My grandad Albert Sambucci was just 23 when he died near Cambrin, France. He is buried in Cambrin Church extension cemetery. Prior to enlistment he was working in the family ice cream business in Brighton. His family had come from Italy in the early 1800s. He was married and had a son, Loreto, who was only two when his dad was killed. He also had a baby daughter, Philomena, who was born after his departure for France so he never saw her.

His letters speak of the cold and lice-ridden blankets. He also mentioned being made a bomber and trench raids. He said on one occasion it took him 2.5 hours to cover 120 yards from no mans land back to his trench. His last letter written just two days before his death said he was in the pink and hopeful of some leave. On the day that he was killed the Battalion diary states that three other ranks were killed when Sap15 was blown in, then an hour later two other ranks were shot by sniper fire, so we do not know the circumstances of his last moments.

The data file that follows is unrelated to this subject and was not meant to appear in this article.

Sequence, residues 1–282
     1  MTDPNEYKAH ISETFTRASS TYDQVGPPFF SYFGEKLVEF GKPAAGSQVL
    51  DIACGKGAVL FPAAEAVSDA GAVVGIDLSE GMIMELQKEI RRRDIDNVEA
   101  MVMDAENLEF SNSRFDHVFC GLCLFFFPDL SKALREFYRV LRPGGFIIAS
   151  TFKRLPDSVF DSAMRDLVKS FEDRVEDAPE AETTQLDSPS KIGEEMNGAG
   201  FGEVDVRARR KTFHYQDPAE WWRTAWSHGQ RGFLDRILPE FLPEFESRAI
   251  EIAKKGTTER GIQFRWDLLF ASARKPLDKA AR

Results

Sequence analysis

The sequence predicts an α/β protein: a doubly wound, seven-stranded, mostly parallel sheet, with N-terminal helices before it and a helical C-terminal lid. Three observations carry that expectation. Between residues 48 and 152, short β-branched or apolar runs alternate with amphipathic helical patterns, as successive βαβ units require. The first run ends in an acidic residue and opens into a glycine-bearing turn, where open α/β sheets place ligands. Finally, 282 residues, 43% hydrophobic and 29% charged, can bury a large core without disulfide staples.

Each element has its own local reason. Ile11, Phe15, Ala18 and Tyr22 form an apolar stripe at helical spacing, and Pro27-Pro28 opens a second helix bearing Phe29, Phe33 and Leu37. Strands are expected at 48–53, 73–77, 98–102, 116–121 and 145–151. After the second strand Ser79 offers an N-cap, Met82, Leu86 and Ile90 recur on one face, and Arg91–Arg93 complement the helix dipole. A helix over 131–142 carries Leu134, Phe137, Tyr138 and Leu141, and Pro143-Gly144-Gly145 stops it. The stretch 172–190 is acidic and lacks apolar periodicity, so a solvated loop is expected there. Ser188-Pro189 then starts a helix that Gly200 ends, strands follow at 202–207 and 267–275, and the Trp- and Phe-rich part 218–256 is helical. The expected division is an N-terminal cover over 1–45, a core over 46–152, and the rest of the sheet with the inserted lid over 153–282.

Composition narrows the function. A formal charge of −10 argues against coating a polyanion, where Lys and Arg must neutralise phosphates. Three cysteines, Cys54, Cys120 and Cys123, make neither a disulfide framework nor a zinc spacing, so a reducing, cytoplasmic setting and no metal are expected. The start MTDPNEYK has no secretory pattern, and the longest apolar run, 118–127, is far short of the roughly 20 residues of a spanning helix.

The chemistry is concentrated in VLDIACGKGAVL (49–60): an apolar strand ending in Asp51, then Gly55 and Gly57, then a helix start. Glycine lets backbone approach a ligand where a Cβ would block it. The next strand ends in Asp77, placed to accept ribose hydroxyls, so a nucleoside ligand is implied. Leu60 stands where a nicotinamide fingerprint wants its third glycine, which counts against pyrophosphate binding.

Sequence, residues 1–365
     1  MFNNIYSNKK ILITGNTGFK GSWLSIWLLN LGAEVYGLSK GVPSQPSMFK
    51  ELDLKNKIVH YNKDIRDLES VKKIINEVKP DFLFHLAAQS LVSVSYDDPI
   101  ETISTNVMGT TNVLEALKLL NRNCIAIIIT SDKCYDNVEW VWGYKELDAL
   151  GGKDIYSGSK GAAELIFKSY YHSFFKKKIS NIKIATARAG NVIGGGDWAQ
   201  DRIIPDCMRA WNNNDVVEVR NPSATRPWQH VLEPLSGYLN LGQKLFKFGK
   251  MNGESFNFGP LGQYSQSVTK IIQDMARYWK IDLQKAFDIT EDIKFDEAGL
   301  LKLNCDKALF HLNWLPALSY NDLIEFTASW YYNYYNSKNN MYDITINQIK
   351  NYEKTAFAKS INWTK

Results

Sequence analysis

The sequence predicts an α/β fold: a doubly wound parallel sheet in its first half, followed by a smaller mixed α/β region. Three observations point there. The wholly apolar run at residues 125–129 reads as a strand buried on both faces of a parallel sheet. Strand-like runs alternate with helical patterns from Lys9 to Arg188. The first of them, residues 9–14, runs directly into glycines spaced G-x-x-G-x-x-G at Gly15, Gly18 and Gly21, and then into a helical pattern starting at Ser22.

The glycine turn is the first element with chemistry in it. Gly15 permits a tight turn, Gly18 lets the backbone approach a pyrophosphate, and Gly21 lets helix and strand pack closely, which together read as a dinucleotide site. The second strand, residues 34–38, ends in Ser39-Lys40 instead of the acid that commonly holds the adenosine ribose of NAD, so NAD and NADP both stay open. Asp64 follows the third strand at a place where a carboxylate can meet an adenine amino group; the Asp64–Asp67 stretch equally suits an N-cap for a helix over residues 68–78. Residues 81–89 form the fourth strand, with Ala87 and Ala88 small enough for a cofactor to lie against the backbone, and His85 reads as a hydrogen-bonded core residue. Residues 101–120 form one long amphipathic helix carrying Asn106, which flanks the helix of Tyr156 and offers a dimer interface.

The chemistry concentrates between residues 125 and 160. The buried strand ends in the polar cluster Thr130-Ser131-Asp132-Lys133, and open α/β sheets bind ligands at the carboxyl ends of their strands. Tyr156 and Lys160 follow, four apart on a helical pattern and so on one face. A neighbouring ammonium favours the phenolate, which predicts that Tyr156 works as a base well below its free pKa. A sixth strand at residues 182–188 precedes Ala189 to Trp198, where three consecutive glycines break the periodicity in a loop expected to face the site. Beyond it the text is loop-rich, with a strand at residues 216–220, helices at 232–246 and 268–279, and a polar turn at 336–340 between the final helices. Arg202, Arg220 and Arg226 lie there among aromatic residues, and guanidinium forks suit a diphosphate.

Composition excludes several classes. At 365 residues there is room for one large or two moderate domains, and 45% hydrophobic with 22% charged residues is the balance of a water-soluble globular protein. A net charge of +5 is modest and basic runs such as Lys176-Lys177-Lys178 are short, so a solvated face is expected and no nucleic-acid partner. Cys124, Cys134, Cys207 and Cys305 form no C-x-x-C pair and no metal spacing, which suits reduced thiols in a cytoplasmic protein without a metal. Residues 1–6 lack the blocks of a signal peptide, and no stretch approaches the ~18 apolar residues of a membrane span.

A/Sgt. Leonard William Lewis MM 2nd Btn. Royal Sussex Regiment

Acting Serjeant, Leonard William Lewis, from Midhurst was awarded The Military Medal whilst serving with 2nd Battalion, Royal Sussex Regiment on The Western Front. The date of action for that award is unknown, but he was presented with his medal early in the following year.

Kevin Mills


Pte. Charles Edward Ballard 2nd Btn. Royal Sussex Regiment